The walls, or boundaries, of a modern city are ideally delineated by a ring road and the new gates to the city are now in the form of roundabouts.
As part of the urban furnishing policy that led to the creation of several roundabouts in the main points where the city can be accessed, the Municipality of Modena accepted the proposal of Consorzio Marchio Storico del Lambruschi Modenesi to erect an artistic work reflecting the production of Lambrusco wine in the area, in the middle of the roundabout situated between Via Vignolese and Nuova Estense.
Designed and created by Modenese artist Erio Carnevali, this work combines all the sensations aroused by a large bunch of solid glass grapes in the colours of wine, melted and moulded by master glassmakers.
The “Vignolese-Ring Road” roundabout, crossroads for entrance into Modena and link with the main thoroughfares, thus becomes a sort of showcase for one of the most deserving and recognizable products in the province thanks to the work designed by master Carnevali: a huge bunch of Lambrusco grapes made of Murano glass.
For the past forty years, Consorzio Marchio Storico dei Lambruschi Modenesi has been committed towards guaranteeing the quality and recognizability of one of the most prestigious products of the Modenese area, a product that is known throughout the world, standard-bearer of the excellence and traditions of our land.
Creation of this Porta del Lambrusco, or Gate of Lambrusco, highlighted by the gigantic bunch of grapes, does not merely promote and publicize the Consorzio, but the entire area of Modena, cradle of the production of our wine. Commissioned by the Consorzio and by the Chamber of Commerce, and donated to the Municipality of Modena, the purpose of the sculpture is to promote Modena as “Terra del Lambrusco” (Land of Lambrusco) with a highly suggestive artistic representation that reminds all those who come to our city of the princely productive vocation of our land: grapes and Lambrusco.
The work (with the logos of Consorzio Marchio Storico dei Lambruschi Modenesi and the Chamber of Commerce of Modena alongside) possesses incredible promotional potential while adding to the artistic heritage of the city. Enoteca Regionale Emilia Romagna also contributed towards its creation.
The Big Bunch of Grapes symbolizes a wine that’s the only one of its kind in the world and is known in over forty different countries. However, the intention is not merely to represent the commercial image of this wine, but also the passionate work of a great number of people, the bond amongst all phases of the production cycle, the spirit of collaboration that has existed for so many years between the producers and bottling enterprises in an on-going endeavour to improve the quality of the product.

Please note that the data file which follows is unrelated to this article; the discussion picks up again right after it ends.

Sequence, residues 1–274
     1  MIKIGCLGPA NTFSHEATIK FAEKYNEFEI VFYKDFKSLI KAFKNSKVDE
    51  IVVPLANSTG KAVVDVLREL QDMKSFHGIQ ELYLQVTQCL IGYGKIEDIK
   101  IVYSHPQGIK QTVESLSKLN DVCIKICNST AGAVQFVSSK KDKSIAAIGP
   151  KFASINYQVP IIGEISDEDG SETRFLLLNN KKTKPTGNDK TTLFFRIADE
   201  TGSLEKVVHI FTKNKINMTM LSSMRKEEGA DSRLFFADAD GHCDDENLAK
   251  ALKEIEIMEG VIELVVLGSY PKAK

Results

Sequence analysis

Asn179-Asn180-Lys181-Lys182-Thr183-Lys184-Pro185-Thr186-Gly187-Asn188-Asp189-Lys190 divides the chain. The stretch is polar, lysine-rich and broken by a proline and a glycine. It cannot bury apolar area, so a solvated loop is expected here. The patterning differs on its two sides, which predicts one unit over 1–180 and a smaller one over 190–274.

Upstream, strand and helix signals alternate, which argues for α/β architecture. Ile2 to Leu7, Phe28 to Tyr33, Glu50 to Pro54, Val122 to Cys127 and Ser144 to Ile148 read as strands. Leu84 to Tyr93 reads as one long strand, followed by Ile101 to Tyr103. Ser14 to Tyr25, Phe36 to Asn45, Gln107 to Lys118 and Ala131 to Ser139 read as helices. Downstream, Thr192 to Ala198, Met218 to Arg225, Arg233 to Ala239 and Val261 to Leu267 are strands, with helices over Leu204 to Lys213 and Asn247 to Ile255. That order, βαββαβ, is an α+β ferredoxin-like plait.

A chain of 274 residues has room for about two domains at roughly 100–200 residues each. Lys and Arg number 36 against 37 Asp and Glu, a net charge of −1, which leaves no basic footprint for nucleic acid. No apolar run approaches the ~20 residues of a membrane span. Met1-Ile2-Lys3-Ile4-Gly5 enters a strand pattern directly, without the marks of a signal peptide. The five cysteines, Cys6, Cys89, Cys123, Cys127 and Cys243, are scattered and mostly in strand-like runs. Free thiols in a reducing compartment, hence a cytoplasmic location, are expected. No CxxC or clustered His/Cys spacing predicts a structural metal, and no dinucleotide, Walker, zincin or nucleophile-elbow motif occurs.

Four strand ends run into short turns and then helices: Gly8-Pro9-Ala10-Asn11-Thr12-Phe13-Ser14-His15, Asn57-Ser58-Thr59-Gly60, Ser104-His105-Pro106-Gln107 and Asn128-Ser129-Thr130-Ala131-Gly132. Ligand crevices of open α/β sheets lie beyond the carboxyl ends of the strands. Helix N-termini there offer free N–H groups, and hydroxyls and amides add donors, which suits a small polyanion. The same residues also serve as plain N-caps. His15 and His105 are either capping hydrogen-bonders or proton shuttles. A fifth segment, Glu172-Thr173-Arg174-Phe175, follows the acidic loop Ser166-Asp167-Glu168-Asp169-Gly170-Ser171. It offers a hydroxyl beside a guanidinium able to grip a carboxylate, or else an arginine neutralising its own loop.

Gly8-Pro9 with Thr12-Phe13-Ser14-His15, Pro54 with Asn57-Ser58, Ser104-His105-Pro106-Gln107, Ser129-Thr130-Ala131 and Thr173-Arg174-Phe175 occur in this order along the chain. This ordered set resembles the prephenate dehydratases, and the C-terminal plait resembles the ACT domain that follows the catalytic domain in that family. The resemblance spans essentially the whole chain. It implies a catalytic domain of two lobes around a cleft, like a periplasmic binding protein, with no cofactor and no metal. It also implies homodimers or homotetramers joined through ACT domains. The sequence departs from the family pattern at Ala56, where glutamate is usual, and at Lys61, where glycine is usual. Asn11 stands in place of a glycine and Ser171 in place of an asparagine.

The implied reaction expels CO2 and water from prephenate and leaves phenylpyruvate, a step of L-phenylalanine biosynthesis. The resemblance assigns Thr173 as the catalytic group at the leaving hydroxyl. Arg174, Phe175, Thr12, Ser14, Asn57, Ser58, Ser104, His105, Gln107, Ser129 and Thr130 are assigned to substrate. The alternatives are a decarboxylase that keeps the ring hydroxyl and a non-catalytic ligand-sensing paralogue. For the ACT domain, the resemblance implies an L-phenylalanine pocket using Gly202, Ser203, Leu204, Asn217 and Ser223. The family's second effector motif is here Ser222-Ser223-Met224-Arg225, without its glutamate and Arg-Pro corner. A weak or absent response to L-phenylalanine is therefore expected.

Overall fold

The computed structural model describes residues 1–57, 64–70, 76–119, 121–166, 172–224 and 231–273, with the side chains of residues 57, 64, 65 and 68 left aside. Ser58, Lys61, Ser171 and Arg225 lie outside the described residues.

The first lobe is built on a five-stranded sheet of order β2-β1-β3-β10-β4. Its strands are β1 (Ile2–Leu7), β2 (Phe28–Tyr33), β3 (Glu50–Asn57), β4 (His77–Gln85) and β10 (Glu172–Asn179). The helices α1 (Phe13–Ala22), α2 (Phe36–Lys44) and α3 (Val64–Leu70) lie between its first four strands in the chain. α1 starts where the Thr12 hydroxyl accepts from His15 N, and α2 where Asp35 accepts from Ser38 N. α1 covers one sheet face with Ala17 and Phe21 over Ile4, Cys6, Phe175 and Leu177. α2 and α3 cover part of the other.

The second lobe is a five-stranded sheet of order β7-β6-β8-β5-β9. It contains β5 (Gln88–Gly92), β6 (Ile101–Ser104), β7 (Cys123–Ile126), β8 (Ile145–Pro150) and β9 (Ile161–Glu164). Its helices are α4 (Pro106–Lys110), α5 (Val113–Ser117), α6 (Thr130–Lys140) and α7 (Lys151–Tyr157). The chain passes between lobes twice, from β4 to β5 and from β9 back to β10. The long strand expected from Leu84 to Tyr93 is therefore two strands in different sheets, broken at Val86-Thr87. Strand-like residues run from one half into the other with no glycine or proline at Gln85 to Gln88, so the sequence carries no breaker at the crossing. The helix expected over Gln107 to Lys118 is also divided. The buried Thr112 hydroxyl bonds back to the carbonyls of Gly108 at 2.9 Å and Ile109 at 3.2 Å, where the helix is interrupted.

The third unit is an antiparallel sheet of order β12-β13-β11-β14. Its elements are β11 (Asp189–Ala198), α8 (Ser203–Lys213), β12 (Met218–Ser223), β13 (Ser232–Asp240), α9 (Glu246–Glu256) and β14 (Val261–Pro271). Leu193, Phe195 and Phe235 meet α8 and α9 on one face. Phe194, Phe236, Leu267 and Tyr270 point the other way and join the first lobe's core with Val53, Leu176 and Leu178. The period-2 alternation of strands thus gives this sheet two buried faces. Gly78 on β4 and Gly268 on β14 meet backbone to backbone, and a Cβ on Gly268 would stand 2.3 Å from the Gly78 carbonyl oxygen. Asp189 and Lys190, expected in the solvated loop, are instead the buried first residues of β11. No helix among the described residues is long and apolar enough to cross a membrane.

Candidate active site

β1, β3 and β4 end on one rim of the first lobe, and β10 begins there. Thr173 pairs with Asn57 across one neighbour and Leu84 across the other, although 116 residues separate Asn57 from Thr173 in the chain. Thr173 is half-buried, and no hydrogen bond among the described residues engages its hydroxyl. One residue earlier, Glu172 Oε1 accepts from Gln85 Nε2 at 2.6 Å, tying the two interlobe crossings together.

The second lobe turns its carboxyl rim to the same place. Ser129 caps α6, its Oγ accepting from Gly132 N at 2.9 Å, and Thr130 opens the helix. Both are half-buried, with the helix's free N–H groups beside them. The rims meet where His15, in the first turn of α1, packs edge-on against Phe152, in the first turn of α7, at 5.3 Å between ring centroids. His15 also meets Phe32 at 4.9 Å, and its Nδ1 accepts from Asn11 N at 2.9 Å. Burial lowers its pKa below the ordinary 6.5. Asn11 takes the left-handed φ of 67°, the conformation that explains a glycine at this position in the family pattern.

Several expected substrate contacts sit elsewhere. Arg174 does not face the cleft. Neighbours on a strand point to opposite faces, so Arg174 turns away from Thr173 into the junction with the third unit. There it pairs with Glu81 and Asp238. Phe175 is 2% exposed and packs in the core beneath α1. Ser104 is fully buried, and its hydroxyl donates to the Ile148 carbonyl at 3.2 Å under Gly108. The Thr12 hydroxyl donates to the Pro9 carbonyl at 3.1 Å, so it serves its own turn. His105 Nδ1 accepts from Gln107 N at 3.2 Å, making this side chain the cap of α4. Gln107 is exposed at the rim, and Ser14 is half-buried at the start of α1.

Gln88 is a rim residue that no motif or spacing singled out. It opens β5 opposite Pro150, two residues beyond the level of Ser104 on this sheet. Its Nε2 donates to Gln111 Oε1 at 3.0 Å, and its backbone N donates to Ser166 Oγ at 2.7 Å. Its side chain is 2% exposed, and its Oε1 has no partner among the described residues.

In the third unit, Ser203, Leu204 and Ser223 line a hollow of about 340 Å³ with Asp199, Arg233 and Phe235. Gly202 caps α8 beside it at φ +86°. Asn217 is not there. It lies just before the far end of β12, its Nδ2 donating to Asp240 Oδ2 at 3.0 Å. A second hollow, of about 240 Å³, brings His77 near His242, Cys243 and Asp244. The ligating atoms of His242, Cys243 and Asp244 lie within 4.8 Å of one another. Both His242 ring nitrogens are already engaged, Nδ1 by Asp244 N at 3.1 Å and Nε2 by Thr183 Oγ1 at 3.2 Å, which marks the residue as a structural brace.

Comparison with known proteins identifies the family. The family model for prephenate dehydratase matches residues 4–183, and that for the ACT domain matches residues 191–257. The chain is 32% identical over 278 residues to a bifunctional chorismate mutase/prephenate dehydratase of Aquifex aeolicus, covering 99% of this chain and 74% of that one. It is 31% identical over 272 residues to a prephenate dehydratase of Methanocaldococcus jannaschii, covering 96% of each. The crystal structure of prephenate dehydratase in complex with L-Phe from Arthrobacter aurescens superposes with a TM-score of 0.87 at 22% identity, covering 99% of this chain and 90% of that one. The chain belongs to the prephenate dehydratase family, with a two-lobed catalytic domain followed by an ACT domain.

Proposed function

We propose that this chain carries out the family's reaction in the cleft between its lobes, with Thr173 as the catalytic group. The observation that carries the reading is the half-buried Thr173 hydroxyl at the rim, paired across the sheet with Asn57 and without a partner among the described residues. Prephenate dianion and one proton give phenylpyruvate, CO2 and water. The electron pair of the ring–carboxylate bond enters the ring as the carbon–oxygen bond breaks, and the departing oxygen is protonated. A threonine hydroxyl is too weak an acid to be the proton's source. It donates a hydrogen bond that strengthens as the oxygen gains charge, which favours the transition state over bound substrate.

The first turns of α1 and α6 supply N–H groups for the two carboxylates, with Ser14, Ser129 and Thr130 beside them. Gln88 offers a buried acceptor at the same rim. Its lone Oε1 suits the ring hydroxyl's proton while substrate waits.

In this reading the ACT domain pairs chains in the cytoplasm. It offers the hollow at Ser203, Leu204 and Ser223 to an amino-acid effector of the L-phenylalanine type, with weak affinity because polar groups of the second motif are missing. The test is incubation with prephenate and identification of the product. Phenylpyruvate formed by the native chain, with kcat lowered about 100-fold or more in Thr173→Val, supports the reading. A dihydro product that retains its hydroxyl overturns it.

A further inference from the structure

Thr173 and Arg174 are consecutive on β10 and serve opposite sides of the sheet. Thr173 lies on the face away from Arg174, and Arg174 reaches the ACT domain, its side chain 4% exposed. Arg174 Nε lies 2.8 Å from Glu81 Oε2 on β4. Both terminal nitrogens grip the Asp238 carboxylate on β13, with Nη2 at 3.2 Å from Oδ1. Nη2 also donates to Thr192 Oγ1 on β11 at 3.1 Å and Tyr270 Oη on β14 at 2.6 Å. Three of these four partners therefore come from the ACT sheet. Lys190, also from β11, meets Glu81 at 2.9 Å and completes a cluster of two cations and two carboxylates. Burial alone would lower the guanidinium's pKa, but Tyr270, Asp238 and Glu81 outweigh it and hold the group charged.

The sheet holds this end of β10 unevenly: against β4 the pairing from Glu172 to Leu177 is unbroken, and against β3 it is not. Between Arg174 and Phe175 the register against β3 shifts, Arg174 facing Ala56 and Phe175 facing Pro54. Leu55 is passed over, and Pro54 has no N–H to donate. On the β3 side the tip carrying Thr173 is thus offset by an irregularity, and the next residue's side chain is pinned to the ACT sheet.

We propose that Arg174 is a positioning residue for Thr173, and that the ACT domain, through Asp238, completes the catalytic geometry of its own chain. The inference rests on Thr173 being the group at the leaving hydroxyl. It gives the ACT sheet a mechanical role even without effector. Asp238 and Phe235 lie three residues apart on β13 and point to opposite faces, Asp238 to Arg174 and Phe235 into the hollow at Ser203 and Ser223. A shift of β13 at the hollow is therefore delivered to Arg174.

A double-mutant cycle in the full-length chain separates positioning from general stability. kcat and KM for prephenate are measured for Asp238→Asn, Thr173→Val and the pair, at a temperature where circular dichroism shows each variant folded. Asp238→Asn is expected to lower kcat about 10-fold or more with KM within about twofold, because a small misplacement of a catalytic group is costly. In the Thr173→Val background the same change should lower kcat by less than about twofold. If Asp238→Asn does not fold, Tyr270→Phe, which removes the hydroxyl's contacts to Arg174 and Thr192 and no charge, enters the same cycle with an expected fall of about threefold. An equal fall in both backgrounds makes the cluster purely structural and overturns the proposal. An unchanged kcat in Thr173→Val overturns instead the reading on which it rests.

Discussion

The size of this bunch of grapes also highlights the economic weight that grape and wine production has in the Modenese economy, both as to number of enterprises involved and all the ancillary industries it creates. It pays homage to all those who have tenaciously and passionately worked to achieve the success of this wine. With its lightness, elegance and freshness, the intention is also to tell of the past, present and the future of a product of excellence from the Modenese territory, i.e. Lambrusco PDO in its four different types, Lambrusco di Sorbara, Lambrusco Salamino di Santa Croce, Lambrusco Grasparossa di Castelvetro and Lambrusco di Modena.
Lambrusco was born here, in this land, and has conquered the world with its unique and likeable characteristics, its effervescence, elegant fragrances and moderate alcoholic strength, but also thanks to the incredible entrepreneurial ability that the Modenese have demonstrated in this field as well.
The work represents a slightly slanting bunch of Lambrusco grapes twelve metres high and little more than six metres wide at the top. There are 240 grapes of different shapes and sizes, all in blown glass and made in the glassworks of Murano by a team of glassmakers selected for their skill and professional abilities.
The leaves are of various different sizes and are made of copper, particularly reminiscent of the colours of autumn. Mostly arranged “naturally” on the uppermost shoot of the bunch, some of them also provide a protection for it from adverse weather conditions. From certain aspects, the colours are true to life while for others, they express the meaning that Carnevali wished to give to the work, underscoring the sense of light (with the amber tone) that pervades the work with delicacy through the different effects achieved by the transparency of the glass. There are also shades, like the orange and amethyst tones, that are only reflected through the grapes at sunset.
It’s an imposing work, one of the largest, if not the largest in the world to bear the prestigious Murano glass logo.
To complete the effect, a smaller Shoot erected in another area, near to the roundabout, seems to mark out the territory and prepare the visitor for the large sculpture.